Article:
Thursday, July 3, 2014

The Closer by Mariano Rivera

If you're a baseball fan, you surely know of Mariano Rivera, one of the best closers of all time who spent 19 years (!!!) with the Yankees. When the opportunity to read his autobiography came about, I jumped on it. Baseball is my favorite sport and I especially find athlete biographies to be interesting as I find they often have to overcome a lot of adversity.

I found this book to be very intriguing, especially the beginning as Rivera described his home in Panama and how it came to be that he signed with the Yankees. He didn't really start out as a pitcher...he just sort of fell into it, but he was good, especially good with his command, and they signed him. But little anecdotes like how he was standing on the mound and could see his toe through his shoe made for an excellent description of where he came from vs. where he was heading.

He moved through the farm system quickly enough and describes his first call up and how he was sent back down and it's a horrible feeling. Aw, it really made me feel for the prospects my own favorite team have this year who have gone through exactly that (and in both cases I really disagreed with them being sent down so ha). Even though this is a pretty normal thing in baseball that happens to many players. Also, his culture shock struggles mostly centered around language were interesting to read about. If you keep in mind that baseball players have 162 games a year and many foreign players are also dealing with language barriers just makes me want to take a really long nap to be honest!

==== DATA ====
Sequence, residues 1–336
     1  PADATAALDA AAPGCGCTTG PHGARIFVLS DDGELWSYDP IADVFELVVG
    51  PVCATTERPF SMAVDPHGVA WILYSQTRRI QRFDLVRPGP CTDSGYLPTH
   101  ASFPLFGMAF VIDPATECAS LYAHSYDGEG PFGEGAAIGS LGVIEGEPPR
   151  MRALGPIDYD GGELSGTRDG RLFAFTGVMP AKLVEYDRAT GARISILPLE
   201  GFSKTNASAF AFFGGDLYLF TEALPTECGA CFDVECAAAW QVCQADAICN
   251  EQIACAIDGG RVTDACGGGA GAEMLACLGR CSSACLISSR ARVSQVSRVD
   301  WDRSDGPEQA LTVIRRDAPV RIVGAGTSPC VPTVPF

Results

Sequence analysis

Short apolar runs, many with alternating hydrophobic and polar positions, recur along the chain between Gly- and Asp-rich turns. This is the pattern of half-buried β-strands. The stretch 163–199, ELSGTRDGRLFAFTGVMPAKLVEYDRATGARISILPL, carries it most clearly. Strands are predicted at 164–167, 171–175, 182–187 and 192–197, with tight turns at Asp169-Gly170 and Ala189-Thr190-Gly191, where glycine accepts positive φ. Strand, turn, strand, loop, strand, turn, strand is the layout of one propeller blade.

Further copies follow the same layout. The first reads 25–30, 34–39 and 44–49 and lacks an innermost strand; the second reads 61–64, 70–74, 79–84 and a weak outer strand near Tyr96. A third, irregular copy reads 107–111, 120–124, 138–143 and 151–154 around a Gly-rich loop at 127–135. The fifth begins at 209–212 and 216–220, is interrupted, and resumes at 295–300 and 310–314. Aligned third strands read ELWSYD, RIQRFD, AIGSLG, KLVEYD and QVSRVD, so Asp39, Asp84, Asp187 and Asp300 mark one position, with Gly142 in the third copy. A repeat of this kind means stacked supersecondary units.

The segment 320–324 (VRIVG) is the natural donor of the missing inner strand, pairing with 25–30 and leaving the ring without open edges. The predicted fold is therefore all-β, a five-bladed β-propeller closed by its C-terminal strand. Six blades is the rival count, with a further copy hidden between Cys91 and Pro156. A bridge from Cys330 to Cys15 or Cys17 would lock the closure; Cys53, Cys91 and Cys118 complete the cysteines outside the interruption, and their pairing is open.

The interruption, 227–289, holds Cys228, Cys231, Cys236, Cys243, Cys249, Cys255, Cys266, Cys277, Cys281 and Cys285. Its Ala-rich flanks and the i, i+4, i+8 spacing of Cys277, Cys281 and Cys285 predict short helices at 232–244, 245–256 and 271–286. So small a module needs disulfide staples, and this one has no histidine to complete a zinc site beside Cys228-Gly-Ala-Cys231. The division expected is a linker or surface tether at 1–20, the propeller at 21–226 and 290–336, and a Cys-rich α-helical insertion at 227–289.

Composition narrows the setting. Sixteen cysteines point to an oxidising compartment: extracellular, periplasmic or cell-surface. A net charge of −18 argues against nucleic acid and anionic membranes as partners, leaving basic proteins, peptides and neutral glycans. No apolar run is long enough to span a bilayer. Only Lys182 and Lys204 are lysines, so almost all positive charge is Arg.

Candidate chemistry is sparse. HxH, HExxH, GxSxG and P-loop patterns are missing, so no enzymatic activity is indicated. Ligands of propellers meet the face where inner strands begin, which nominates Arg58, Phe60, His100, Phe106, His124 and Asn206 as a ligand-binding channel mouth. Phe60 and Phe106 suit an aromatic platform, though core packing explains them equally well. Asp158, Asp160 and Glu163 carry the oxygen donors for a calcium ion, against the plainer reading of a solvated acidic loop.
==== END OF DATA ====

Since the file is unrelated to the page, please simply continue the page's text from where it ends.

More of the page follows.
Rivera was part of the dominant Yankees team of the late 90s and describes that period and those games in detail. Any baseball enthusiast will enjoy this first hand account of so many pressure filled and important moments!

Rivera is also a very devout Christian. He has experienced many miracles in his life--his son was healed in the womb, he gained an unexplained like 10mph velocity on his fastball during his career, he developed a cutter out of nowhere, etc. His deep faith sustains him through many things and really gives him a great attitude about so much. I feel he really comes across as a humble down to earth guy who just genuinely loves baseball. I love his little aside on PEDs and how those players desperately want to be at the top but are hurting the game instead, etc.

A great read and any fan of the Yankees should definitely consider it, and I think any fan of baseball should as well! Or anyone that enjoys a good athlete biography!

*I received a review copy.


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